In the book "From the Jewishness of the State to Sharon" (in 390 pages, Dar al-Shorouk, 2005), a direct review of the references to contradiction within Israeli democracy is not limited to critical reading of the Israeli political system, In practice and politically, in which it can be based theoretically and philosophically.
From the start, the book seems to be consistent with his project, to present serious research, not only to transform the Israeli into a subject that can be represented, but to counteract the strength of the Israeli researcher in his study of the Palestinian Arab community. He does not want to present a counterproductive model of Israeli Orientalism, so he is surprised, as he explains in the introduction, to the extent that he wants to present a missing Arab-Palestinian viewpoint in this debate. Azmi Bishara does not look at the study of Israeli society as a separate one, as Western scholars do with other societies, but as both the fate of the Palestinians and their cause, both as an oppositional society and as a practical and procedural model for excluding and replacing Palestinians. If there is clear evidence of what we are saying, it is that "in every subject (of the book) Arabs and Palestinians attend" (p. 8).
The book provides general information about the Israeli society and political system, which provides the reader with a platform to present the basic text of the book and put it before the debates of the Arab minority in Israel. Before starting to present his argument about the contradiction of Israeli democracy through two levels.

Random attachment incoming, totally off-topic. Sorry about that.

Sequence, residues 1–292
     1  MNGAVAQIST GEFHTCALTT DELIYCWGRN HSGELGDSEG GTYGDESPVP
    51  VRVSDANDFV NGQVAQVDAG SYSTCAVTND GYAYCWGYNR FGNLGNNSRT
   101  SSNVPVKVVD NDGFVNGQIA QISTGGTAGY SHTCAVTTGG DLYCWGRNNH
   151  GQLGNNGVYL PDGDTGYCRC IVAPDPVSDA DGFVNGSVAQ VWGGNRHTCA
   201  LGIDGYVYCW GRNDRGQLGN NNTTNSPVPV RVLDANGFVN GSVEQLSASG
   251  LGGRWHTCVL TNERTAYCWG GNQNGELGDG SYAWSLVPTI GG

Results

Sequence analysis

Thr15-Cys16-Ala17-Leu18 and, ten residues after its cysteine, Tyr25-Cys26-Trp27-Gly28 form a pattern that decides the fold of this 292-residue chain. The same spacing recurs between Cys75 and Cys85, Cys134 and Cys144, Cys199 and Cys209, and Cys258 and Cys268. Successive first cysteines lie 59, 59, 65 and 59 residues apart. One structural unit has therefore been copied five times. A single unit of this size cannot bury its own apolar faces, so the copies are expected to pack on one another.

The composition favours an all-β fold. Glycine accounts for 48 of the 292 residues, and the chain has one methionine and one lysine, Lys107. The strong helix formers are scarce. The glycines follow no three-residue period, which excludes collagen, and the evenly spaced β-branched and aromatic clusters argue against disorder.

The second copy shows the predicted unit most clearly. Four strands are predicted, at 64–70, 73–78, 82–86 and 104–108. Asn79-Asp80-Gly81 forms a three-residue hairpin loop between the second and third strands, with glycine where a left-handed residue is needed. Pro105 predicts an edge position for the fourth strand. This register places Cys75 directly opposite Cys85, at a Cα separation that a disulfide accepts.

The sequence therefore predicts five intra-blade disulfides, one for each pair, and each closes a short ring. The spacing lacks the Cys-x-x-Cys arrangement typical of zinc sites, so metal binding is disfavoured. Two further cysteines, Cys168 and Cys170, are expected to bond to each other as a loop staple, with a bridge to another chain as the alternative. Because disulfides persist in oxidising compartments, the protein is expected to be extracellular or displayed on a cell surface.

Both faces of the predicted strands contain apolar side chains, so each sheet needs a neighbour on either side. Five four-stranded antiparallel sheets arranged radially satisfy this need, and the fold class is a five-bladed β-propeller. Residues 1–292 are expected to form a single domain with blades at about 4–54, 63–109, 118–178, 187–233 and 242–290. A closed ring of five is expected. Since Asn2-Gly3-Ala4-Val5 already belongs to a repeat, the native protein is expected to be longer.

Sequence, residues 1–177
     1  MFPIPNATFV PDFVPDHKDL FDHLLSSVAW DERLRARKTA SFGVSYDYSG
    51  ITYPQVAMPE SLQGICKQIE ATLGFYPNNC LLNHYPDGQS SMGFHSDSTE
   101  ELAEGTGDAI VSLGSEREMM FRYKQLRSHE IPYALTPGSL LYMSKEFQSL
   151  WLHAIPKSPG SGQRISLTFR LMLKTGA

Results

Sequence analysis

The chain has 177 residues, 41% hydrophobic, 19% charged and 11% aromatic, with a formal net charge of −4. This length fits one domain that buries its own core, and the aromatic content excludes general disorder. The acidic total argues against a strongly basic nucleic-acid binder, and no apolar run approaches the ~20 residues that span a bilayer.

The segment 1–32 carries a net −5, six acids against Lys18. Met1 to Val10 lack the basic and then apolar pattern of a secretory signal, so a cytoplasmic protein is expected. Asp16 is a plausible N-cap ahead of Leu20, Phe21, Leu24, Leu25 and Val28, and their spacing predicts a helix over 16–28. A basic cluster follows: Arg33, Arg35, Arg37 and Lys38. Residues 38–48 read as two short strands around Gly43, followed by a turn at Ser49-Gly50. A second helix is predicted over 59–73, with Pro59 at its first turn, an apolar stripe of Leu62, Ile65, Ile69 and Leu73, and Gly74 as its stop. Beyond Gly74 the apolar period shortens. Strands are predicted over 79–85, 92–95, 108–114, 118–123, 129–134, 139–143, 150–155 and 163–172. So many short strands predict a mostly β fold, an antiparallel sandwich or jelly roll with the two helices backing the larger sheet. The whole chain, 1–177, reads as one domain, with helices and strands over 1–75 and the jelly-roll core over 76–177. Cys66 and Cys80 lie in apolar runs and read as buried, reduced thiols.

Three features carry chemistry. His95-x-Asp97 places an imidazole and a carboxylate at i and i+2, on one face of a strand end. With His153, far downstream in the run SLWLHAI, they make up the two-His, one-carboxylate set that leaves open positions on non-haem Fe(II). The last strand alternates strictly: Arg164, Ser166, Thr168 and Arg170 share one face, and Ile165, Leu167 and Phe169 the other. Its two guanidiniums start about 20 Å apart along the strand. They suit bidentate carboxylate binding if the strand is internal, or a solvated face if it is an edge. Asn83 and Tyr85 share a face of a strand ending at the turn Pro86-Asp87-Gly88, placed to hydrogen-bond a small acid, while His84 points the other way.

The first level is that Israeli democracy confuses concepts that are incompatible with the structure of democratic theory, such as religion and nationalism, as well as the primitive definition of the nation or people on the basis of a hybrid between former workers. This chapter is not related to the laws or other details of the system of government, as far as the foundations of Israeli democracy, and the basis of contradictions, which is explained in the book and describes it at length. Other factors, such as the Israeli security doctrine and the culture that the state holds in Israel as a state of colonization, fall under this level.
In general, there is a second level to this contradiction, according to Bishara, regarding the Jewishness of the state. Israel is not within its insistence on its Jewishness, a state for all its citizens, for this reason and for other reasons it loses its primary meaning in the modern nation state. Which means that "the state sees itself as an ideological task in persuading those non-Jews to have a state other than the state in which they live, to exchange allegiance and move to it" (p. 21).
Thus, the state is unable to relinquish its political task of classifying its citizens as desirable or undesirable categories, unable to meet a condition of democracy, that is equality.
After presenting this contradiction, Bishara reviews the difference in the model of contradictory democracy in Israel from other known models. He sees it as a colonial model. He emphasizes that this contradiction is not the contradiction of the motherland of colonialism, which is singing its democracy while exercising various forms of oppression on its colonies. A different model related to the origin and idea of the state in Israel and its construction. The book later proposes a special understanding of the state of Israel through its contradictions and discrimination in its definition of the nation and its citizens. The concept of colonial apartheid, which takes the model of traditional colonialism and apartheid in South Africa, is the worst.
Izz al-Din al-Tamimi